Major British regulator, the Financial Conduct Authority (FCA), will not regulate Bitcoin (BTC) as a part of its recent guidance on crypto assets.
FCA finalizes its statement on crypto after a public consultation released in January
On July 31, the FCA issued its finalized policy statement on cryptocurrencies in a document titled “PS19/22: Guidance on Cryptoassets.” The document represents an updated version of a consultation paper on crypto assets that was first released for public comment in January 2019, and intends to bring more regulatory clarity to the existing types of digital assets.
In the document, the FCA considered major cryptocurrencies such as Bitcoin and Ether (ETH) as “exchange tokens,” describing them as types of crypto assets that are “usually decentralized and primarily used as a means of exchange.” The regulator emphasized that such digital currencies do not fall under the regulatory scope of the FCA and is outside its remit.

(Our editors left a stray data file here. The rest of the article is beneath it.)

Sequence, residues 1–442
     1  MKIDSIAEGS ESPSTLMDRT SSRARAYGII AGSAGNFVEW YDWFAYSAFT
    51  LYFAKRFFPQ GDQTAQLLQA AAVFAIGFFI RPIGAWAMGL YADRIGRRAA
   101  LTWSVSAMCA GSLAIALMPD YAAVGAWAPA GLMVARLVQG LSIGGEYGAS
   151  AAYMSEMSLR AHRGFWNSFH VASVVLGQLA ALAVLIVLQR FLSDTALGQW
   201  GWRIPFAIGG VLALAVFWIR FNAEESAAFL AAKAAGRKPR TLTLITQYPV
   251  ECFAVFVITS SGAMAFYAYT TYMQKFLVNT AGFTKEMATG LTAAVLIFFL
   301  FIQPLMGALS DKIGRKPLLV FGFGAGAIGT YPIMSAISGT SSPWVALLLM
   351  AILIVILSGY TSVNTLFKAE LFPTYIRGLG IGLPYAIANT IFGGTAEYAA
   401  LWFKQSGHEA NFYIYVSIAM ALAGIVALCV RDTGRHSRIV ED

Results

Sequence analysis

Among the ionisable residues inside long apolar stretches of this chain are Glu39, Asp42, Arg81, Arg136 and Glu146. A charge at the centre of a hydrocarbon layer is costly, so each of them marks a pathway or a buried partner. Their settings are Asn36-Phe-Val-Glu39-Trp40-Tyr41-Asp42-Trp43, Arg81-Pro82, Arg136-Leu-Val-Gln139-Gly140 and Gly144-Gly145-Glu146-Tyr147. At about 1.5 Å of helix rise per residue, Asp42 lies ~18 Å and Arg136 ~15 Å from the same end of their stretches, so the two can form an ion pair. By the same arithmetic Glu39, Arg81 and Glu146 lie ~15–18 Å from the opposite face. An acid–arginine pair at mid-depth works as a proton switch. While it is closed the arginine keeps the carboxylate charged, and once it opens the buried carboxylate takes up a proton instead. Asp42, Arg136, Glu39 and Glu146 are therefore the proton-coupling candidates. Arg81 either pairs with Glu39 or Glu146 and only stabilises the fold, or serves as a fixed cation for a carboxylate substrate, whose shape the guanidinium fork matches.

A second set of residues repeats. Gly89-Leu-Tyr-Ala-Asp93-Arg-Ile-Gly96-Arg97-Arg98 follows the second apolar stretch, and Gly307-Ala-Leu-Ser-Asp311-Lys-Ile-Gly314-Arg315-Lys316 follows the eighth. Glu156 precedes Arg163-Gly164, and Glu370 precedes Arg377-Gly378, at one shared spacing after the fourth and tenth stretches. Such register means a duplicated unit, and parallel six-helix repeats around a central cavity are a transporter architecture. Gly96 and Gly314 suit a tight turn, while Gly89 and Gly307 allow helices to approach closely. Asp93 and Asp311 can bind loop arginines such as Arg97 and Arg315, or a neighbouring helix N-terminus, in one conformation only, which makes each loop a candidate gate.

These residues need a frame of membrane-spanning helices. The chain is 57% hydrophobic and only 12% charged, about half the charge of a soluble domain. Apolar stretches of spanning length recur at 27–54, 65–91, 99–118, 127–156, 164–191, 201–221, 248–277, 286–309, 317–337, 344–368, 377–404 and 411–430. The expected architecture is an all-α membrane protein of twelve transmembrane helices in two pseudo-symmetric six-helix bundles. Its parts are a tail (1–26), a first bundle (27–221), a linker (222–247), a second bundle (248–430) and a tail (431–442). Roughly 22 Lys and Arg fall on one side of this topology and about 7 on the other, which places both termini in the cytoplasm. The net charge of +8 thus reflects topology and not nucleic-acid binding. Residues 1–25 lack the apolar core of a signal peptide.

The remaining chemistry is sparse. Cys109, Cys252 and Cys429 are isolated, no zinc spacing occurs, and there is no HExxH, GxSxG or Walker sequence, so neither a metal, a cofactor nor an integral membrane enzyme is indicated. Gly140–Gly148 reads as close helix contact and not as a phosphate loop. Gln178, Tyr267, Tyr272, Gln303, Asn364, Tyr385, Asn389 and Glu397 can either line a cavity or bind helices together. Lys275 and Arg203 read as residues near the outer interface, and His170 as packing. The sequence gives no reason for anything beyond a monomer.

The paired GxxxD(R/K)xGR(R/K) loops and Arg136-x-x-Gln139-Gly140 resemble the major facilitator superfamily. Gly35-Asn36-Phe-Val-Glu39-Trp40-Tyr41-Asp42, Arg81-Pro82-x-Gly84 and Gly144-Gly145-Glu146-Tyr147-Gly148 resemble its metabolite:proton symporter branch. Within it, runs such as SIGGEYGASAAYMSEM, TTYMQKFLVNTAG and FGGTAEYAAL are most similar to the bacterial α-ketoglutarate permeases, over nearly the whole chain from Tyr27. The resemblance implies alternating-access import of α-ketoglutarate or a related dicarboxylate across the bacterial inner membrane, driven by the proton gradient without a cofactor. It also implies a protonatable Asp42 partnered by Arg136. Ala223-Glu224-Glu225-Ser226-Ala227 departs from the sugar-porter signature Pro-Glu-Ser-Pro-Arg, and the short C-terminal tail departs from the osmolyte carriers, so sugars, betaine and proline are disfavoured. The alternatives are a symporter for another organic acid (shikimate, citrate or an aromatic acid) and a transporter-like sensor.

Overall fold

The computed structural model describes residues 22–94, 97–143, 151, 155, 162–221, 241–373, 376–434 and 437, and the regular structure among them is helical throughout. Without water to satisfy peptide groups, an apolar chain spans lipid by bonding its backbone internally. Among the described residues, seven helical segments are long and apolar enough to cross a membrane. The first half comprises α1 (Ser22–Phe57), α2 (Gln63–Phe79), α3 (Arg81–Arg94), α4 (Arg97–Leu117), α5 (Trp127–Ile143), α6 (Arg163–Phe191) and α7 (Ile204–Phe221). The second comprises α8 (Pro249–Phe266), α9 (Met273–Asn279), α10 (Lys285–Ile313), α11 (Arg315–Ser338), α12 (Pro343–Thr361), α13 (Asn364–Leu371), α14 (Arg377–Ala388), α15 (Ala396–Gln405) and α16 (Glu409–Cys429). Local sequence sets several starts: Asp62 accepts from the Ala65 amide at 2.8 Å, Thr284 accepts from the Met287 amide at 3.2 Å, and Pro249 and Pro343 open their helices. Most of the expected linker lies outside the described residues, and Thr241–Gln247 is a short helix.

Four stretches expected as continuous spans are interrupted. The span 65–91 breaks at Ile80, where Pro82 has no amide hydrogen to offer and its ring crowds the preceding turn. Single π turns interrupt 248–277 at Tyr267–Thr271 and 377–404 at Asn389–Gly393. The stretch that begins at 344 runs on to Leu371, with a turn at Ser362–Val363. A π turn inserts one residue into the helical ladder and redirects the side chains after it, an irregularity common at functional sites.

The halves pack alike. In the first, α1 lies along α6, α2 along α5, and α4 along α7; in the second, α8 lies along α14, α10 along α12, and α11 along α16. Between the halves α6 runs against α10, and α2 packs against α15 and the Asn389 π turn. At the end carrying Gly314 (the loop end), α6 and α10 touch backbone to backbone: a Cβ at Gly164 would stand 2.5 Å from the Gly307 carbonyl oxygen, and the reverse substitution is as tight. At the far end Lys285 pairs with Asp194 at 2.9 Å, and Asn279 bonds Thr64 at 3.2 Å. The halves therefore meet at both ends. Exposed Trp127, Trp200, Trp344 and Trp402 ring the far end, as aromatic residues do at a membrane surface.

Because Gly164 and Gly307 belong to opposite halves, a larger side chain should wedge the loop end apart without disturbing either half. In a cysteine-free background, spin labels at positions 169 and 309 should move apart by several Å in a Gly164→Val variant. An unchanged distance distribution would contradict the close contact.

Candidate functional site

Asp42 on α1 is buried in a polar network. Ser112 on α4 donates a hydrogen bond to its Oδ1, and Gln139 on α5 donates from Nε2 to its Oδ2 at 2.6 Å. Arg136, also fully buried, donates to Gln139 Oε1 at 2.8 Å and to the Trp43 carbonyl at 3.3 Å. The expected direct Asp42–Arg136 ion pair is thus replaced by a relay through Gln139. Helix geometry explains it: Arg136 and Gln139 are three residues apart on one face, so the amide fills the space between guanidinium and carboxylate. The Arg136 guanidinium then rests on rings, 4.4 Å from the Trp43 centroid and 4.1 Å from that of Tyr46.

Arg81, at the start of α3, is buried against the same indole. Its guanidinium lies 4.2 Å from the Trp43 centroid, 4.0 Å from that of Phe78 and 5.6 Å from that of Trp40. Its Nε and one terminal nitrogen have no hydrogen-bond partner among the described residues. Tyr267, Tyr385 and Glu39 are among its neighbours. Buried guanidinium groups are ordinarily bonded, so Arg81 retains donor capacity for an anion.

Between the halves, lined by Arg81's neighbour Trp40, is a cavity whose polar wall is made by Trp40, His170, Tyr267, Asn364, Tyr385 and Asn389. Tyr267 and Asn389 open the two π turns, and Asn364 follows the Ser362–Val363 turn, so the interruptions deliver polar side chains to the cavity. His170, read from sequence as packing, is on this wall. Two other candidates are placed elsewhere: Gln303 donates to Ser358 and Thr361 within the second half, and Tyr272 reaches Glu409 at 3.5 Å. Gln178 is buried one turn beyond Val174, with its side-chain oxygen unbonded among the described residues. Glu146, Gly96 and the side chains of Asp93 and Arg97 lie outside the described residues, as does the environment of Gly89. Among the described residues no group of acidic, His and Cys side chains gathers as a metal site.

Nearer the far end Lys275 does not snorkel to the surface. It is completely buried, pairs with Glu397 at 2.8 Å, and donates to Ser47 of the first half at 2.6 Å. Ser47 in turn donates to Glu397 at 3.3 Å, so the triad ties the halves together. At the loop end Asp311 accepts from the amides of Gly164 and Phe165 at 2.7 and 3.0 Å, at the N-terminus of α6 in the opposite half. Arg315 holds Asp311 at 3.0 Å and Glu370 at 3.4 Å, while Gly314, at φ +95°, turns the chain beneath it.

Security tokens and e-money are under regulatory perimeter
On the other hand, two other types of digital assets, including security tokens and utility tokens, do fall under the regulatory perimeter or may be regulated in some sense, the FCA wrote.
As such, the FCA said it will be regulating security tokens as they are considered as digital assets with specific features that mean they provide rights and obligations akin to specified investments such as shares or debt instrument. Meanwhile, activities involving utility tokens may be regulated in case if they meet the definition of e-money in some circumstances, the FCA stated.
In the paper, the FCA also noted that some stablecoins may fall under the authority’s regulation, still adding that not every stablecoin will meet the definition of e-money, or a security token.
Earlier this month, Cointelegraph reported on the FCA preparing a potential ban on the sale of crypto derivatives such as Bitcoin futures to retail investors.